Gender bias exists because of the social construction and language of gender itself; recognize it and try to avoid it when speaking.
Explain how gendered communication creates bias in public speaking
Gender is the social construction and definition of what it means to be man, woman, masculine or feminine.
Gender expression and expectations of how gender should be expressed vary by culture.
Men and women have different expectations and perceptions of each other and thus will receive speakers of opposing genders differently. Additionally, gender bias still exists - for both speaker and audience - when speakers who may share the same gender as their audience.
Before we can start talking about gender bias, it's first helpful to understand the concept of gender. Gender is not necessarily indicative of the sex organs with which we're born. When you're talking about the biological classification of "male" and "female" you're referring to sex, not gender.
Gender is the social construction of a person's sex. Gender refers to the social definition and cultural expectations of what it means to be "man" or "woman. " Additionally, some people may identify with a gender different from their sex, often identifying instead as "transgendered. "
Gender is not something with which you are born; instead it is taught, learned and understood through social interaction and experience.
What is Gendered Communication?
At its heart, gender is learned by, defined and taught to us through language and communication. Gendered communication is often culturally constructed as well, meaning that what is considered masculine or feminine in one culture may not hold true in another. How people express their gender often relies on the cultural constructs of the society in which they live or identify. The same is said of how people expect certain gender roles to be expressed by others.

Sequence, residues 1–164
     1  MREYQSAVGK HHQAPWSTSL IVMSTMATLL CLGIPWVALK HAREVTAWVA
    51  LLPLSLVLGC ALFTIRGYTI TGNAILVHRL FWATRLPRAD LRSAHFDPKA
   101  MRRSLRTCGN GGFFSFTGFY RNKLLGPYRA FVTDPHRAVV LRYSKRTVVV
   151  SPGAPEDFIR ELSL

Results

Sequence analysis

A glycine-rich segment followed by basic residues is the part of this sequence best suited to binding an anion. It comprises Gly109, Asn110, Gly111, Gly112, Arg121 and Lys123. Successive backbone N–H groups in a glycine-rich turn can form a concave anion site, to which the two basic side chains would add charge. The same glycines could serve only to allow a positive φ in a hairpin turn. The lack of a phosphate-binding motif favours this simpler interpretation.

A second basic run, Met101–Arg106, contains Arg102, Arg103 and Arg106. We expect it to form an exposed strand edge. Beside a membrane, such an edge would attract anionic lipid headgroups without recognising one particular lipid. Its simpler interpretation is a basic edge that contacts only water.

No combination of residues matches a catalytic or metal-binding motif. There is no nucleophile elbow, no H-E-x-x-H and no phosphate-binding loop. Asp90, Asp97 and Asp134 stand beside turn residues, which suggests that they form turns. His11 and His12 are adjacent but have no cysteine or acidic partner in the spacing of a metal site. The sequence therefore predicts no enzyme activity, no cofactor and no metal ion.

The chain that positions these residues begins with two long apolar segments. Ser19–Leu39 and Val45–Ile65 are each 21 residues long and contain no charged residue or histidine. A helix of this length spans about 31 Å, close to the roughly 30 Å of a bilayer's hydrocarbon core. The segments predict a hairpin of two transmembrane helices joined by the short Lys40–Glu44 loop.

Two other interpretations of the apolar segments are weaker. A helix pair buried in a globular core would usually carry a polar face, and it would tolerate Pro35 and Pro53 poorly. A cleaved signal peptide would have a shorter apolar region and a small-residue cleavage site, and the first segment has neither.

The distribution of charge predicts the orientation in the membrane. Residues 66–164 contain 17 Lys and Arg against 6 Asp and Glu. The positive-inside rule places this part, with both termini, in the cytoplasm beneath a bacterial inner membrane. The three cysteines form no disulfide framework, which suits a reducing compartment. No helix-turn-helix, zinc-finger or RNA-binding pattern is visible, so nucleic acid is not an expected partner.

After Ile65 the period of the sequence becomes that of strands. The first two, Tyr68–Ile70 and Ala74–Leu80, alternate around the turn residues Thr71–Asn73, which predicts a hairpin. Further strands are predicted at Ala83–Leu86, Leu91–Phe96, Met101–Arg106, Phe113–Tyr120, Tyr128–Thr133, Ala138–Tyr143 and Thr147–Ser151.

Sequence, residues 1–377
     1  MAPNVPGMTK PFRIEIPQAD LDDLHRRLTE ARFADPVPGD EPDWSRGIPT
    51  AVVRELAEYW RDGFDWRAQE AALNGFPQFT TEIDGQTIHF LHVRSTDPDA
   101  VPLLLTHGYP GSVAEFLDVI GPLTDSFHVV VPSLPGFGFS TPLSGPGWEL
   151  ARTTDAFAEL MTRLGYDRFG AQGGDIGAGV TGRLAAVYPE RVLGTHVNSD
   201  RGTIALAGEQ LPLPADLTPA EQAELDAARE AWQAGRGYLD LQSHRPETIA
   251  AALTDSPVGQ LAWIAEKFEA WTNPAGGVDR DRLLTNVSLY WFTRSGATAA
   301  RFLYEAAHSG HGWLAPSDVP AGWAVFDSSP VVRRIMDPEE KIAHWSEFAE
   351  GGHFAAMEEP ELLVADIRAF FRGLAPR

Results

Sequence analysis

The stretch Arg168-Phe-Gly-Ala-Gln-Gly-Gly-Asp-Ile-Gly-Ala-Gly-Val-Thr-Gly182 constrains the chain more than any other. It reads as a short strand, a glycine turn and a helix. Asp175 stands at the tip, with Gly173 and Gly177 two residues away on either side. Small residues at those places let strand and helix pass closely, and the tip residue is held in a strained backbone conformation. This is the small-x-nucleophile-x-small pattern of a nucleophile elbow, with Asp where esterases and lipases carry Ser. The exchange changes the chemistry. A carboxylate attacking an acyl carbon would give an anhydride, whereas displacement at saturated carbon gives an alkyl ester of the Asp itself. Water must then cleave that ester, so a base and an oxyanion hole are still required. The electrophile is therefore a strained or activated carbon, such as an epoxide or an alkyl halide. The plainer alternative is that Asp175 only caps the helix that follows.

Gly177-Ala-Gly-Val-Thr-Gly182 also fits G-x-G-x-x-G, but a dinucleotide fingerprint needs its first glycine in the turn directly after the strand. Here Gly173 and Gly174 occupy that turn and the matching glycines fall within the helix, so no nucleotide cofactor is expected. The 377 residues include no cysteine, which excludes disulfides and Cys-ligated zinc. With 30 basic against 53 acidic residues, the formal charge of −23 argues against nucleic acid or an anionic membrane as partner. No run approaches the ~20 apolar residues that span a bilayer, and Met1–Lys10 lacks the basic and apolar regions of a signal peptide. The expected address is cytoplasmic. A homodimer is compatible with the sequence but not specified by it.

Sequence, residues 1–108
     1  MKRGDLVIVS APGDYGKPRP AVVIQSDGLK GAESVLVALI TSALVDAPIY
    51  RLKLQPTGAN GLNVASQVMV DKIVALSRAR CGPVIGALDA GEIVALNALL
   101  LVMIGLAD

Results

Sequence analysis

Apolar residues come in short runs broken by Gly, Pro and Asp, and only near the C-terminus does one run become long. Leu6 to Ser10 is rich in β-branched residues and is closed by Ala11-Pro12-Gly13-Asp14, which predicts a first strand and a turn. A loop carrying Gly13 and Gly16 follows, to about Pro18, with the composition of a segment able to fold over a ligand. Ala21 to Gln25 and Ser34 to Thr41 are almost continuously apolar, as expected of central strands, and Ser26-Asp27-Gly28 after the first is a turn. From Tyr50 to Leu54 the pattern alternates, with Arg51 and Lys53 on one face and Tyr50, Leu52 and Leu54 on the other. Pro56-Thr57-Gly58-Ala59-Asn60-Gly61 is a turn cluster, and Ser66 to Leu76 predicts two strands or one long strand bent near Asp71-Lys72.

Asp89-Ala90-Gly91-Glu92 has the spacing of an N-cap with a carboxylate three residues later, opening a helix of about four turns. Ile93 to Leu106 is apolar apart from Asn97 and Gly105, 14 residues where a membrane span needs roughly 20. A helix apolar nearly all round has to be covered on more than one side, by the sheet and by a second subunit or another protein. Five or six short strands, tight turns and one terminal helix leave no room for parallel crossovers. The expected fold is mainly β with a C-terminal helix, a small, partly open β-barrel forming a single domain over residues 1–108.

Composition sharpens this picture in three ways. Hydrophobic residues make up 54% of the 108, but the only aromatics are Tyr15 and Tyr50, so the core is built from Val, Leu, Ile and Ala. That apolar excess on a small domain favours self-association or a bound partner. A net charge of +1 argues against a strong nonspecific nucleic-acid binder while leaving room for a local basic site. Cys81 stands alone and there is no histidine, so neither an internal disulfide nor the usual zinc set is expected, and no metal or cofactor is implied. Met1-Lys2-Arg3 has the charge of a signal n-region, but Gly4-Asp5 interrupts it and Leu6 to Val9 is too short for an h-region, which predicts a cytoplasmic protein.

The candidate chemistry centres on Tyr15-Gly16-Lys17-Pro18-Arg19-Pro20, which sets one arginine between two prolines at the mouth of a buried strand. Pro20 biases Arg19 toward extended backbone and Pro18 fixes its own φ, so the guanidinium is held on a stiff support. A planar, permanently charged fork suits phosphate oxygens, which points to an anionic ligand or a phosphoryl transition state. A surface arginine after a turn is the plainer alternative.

Recognizing and Avoiding Gender Bias in Public Speaking
Just as you want to be cognizant and aware of the cultural biases that exist between both you and your audience, you'll want to be equally aware of how gender bias may factor into your speech. Know that when a woman gets up to speak in front of a group of men, she is instantly received differently than her male counterpart. In certain cultural contexts, men may be dismissive of a female speaker. Many times, female speakers have to adapt gendered mannerisms, language and stance of men in order to validate their authority as speaker.
It's not exactly a cut and dry vice-versa situation, either. Women may be at ease with a female speaker, but they may also be more attentive to a male speaker, given that many cultures teach women to be attentive (subservient in the extreme) to men.
Taking a step back and considering what gender bias you bring to the table, as well as what gender biases your audience might have of you is an important step in eliminating or at least addressing gender bias in your speech.